Utah Supreme Court
November 28, 2018
2018 UT 59 (Click for text of opinion)
The Utah Supreme Court affirmed the district court’s ruling that a resolution to amend a site development master plan was referable, whereas a resolution to amend a development agreement made in relation to the site development master plan was not referable.
A developer purchased the land on which the old Cottonwood Mall once stood and the rights to a redevelopment project which was abandoned by the previous owner. Holladay’s zoning code provides two steps for development: (1) submission of a site development master plan (SDMP) to the City for approval to serve as a guide for overall development and design of the entire site; and (2) once an SDMP has been approved, the City and developer must enter into an Agreement for the Development of Land (ADL), which grants certain rights pursuant to the SDMP.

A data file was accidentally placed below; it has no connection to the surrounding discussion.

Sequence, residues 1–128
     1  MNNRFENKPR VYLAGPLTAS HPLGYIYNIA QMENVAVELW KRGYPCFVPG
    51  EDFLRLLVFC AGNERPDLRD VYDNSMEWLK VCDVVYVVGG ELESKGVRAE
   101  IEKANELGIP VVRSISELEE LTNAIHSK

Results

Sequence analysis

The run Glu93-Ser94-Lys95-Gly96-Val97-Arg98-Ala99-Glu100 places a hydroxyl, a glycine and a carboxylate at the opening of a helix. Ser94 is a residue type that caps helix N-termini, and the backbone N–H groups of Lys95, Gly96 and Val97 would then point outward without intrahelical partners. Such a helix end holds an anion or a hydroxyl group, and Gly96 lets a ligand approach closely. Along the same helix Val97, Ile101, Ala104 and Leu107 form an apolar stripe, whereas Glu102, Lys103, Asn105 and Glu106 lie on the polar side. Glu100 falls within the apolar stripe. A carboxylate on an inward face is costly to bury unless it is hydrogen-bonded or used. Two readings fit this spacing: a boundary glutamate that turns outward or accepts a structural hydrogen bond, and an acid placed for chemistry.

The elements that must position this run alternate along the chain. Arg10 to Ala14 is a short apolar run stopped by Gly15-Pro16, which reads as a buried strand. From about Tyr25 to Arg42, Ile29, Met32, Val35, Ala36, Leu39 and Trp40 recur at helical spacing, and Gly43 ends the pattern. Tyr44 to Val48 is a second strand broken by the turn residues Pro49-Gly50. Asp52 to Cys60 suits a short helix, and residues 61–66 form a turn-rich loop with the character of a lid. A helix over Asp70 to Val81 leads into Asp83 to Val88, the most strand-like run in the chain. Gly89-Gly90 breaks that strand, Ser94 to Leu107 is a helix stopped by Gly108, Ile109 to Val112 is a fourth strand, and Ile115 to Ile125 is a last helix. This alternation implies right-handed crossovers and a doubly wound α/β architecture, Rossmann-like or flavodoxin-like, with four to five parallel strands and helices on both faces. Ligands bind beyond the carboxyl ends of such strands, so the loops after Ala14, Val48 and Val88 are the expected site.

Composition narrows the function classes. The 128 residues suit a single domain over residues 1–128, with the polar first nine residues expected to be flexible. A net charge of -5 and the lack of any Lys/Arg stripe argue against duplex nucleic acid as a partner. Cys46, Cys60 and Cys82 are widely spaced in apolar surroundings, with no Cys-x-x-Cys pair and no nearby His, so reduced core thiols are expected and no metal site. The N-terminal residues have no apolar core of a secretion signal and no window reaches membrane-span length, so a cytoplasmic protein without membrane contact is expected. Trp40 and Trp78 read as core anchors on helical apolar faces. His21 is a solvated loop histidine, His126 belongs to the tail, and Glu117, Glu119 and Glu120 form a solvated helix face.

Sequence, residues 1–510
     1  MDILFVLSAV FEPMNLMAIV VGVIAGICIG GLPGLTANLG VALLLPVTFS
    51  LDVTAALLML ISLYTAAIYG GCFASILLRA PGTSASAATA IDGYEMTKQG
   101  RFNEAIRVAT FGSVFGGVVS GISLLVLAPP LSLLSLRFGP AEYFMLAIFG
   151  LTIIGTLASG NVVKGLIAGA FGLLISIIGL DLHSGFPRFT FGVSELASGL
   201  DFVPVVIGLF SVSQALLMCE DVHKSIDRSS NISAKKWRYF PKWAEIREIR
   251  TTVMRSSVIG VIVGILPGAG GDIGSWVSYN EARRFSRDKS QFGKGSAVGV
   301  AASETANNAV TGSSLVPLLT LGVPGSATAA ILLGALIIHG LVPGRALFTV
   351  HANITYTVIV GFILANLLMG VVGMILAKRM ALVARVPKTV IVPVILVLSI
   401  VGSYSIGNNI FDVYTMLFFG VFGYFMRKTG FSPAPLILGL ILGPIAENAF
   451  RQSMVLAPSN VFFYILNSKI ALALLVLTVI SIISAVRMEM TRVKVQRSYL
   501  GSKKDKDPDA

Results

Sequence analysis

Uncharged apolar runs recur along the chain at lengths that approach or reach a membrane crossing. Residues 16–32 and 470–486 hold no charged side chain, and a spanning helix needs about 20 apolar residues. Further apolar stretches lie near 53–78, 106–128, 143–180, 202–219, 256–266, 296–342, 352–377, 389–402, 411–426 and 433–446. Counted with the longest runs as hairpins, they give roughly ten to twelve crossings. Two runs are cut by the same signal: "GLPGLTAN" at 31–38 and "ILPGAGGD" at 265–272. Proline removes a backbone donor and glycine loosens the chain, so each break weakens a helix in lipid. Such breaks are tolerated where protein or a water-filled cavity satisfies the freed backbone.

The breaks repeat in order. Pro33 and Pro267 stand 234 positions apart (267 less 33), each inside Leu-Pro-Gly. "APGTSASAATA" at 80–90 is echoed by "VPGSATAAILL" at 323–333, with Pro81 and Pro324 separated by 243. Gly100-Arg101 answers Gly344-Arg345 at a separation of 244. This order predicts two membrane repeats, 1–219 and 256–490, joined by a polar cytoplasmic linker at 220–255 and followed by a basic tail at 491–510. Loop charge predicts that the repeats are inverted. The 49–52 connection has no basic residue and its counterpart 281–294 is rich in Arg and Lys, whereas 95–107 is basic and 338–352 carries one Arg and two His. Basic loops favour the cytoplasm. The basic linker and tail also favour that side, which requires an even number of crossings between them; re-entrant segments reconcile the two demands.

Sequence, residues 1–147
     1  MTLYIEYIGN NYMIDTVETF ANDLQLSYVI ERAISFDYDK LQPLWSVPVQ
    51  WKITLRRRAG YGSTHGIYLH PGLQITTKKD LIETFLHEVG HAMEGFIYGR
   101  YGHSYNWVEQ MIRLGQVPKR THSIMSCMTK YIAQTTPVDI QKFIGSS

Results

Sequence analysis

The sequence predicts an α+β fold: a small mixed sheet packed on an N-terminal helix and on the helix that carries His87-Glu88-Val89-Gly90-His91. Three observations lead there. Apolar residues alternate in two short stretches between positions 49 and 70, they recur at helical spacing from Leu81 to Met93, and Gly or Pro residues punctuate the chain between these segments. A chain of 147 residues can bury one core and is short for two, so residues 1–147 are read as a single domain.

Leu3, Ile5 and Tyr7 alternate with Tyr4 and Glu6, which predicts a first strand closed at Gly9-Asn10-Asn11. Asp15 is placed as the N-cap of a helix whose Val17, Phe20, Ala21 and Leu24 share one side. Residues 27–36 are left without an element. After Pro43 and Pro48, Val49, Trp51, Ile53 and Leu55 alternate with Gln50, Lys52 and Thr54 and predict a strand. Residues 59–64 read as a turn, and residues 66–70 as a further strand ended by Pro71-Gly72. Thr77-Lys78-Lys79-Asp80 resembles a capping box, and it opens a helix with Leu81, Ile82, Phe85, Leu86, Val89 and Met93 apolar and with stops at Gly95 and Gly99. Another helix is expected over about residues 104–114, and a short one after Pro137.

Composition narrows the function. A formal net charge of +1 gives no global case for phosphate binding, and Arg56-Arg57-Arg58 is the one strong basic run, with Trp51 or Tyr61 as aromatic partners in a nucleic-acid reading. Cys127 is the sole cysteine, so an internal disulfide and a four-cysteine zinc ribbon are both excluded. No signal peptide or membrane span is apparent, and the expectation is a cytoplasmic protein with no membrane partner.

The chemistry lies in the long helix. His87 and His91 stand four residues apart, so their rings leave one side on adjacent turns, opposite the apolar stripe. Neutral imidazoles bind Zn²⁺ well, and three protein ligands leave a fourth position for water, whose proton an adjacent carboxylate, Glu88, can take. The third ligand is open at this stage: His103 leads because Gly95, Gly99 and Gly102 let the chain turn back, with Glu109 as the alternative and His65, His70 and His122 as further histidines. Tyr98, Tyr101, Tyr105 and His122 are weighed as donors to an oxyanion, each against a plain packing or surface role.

Holladay City approved two resolutions, one approving a proposal to amend the original SDMP, and the other approving a proposal to amend the original ADL. A group of Holladay citizens petitioned to subject these resolutions to vote by public referendum. The City declined to place the referenda on the ballot—determining that the resolutions were administrative in nature and therefore not referable. The citizens initiated a lawsuit, and the district court awarded summary judgment for the citizens as to their claim that the resolution regarding the SDMP was referable, while also granting summary judgment to the City as to their claim that the resolution regarding the ADL was not referable. Both parties appealed.Applying the test set forth in Carter v. Lehi City, 2012 UT 2, 269 P.3d 141, the court affirmed the district court’s ruling in determining that the SDMP resolution was made after considering broad, competing policy considerations, was generally applicable and was legislative in nature and therefore referable. The ADL resolution, however, was found to be administrative in nature and not referable because it had very limited and specific applicability in that it applied only to those parties that negotiated its terms and the City did not weigh broad-competing policy considerations in approving this resolution.